Though it is an intimate family history, American Tapestry is also the collective chronicle of our changing nation, a nation in which racial intermingling lingers in the bloodlines of countless citizens and slavery was the crucible through which many family lines—black, white, and Native American—were forged.

Epic in scope and beautifully rendered, this is a singularly inspiring story with resonance for us all.


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Product Details

  • Paperback: 391 pages
  • Publisher: Amistad; 1st Edition, 1st Printing edition (June 19, 2012)
  • Language: English
  • ISBN-10: 0061999865
  • ISBN-13: 978-0061999864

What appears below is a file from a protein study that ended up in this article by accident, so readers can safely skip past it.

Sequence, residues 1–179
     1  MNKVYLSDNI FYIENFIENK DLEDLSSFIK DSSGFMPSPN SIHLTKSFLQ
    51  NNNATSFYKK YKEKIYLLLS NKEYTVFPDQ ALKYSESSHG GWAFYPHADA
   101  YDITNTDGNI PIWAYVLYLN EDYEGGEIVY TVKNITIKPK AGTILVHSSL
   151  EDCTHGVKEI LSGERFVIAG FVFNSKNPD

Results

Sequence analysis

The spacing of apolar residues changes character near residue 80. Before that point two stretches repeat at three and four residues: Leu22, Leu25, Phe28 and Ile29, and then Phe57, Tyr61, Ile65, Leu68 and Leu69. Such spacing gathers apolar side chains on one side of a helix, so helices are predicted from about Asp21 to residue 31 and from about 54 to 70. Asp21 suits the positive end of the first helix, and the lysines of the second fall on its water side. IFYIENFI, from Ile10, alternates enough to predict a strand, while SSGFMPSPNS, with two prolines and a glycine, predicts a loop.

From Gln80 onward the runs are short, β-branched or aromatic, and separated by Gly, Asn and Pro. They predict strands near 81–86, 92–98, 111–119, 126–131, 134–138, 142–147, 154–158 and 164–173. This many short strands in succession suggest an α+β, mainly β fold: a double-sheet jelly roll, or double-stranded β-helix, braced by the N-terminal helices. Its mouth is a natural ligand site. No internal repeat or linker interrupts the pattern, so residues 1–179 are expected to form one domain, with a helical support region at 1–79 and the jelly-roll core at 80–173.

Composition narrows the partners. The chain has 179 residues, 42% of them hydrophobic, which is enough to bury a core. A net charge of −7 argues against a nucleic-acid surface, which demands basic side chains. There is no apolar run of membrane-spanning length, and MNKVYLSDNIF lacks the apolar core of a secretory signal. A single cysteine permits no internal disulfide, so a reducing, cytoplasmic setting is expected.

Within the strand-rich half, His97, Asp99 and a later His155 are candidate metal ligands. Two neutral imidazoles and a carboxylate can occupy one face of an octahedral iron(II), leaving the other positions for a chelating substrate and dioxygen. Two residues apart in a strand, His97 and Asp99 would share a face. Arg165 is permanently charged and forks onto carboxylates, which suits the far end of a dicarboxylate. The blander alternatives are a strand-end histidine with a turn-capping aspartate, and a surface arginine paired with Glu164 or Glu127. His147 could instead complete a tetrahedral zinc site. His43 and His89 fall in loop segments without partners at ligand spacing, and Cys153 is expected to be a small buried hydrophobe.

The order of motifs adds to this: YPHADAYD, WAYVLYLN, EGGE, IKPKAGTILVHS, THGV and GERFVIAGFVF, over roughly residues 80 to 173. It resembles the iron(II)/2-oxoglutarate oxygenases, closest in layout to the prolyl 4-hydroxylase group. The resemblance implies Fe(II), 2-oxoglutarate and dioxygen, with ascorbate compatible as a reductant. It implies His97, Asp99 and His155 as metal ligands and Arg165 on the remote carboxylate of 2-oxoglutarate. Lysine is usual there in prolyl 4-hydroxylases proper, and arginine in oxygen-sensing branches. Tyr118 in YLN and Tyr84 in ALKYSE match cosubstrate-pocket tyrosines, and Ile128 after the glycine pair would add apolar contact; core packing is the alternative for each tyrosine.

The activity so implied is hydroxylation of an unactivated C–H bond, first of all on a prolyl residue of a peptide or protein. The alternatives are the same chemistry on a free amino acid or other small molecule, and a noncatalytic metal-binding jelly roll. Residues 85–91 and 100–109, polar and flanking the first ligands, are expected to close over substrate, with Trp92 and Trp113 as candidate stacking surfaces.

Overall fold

• Product Dimensions: 9.2 x 6.4 x 1.3 inches
  • Shipping Weight: 1.4 pounds
  • Average Customer Review: 4.1 out of 5 stars  See all reviews (69 customer reviews)
  • Amazon Best Sellers Rank: #326,721 in Books (See Top 100 in Books)

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More About the Author

Rachel L. Swarns has been a reporter for the New York Times since 1995, reporting on domestic policy, the presidential campaigns of 2004 and 2008, the First Lady, and the modern American family. She has also worked for the New York Times in Russia, Cuba, and South Africa, where she served as the Johannesburg bureau chief. She lives in Washington, D.C.

Customer Reviews

Top Customer Reviews